Getting his coaching badges while still at Everton, his passion for helping the next generation that have followed in his footsteps is clear for all to see. The question hangs tentatively in the balance, however, as to why none of this coaching experience has been completed on Irish shores and why the FAI has not secured his services.

During eight years as Ireland U21 manager Noel King failed to qualify the side for a single international competition. Following his departure earlier this month, a number of ex-pros including Kevin Kilbane, Keith Andrews and Gary Breen endorsed Carsley to take the role.

That is, if he wants it. You get the sense he isn’t short offers of top jobs.

Lee Carsley is the guy who you should identify as someone to get for the Ireland U21 role,” said Breen. “They should be banging his door down.”

The FAI have a busy number of weeks ahead as they search not only for a new U21 manager, but also a new senior boss following the departure of Martin O’Neill and Roy Keane after five years in charge at Lansdowne Road.

Mick McCarthy and Stephen Kenny have been the frontrunners this week, but Andrews insists that no matter who is appointed Ireland’s new senior boss, there should be a role on some level for somebody of Carsley’s experience. If not as senior manager, then as assistant, U21 boss or some other capacity.

“No matter who gets the job, there should be a place for Lee Carsley in the setup,” the former Blackburn and Ireland midfielder said speaking this week in the wake of O’Neill’s departure.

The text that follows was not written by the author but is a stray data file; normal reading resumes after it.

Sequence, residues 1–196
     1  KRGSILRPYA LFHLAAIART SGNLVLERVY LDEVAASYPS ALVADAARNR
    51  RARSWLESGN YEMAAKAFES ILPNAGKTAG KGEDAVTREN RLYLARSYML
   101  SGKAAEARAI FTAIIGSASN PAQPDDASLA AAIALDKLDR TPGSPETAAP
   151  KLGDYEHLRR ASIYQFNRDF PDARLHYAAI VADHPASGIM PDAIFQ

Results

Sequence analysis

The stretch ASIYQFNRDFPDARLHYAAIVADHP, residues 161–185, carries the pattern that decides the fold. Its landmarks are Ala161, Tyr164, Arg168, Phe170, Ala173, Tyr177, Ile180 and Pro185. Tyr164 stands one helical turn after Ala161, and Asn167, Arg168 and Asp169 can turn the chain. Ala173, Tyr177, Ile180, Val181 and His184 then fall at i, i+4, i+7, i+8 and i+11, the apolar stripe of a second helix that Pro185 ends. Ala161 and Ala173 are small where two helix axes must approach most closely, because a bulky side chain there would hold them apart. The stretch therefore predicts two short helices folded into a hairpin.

Hull City v Birmingham City - Sky Bet Championship - KCOM Stadium The 44-year-old during his role as caretaker manager of Birmingham in September 2017. Source: EMPICS Sport

“Personally I would love Lee to be involved,” added former Ireland team-mate Kilbane.

“I think if we are serious about coaching our younger players, then I think we need to get the best Irish player that we have available, or at least one of the best, and he is considered one of the best that is coaching within the system over in England right now.

“I would go with him, whether that be at U21 level or being that link between senior international level and youth football, I could see him working in that role.

I don’t know if he would go for it,” Kilbane continued. “But if we are serious about the structures within the FAI, within our football system, then why don’t we go out and get the best?

“And he is the best, he’s simply the best. We’ve got a player who’s got an inside track with what the FA are doing, and I think he could bring that to the FAI to help us develop our structures.”

The reasons why Carsley has not been approached by the FAI over the last number of years are unknown, but recent reports that they are in the process of hiring him to take over from Noel King suggest the association intend to rectify a glaring error sooner rather than later.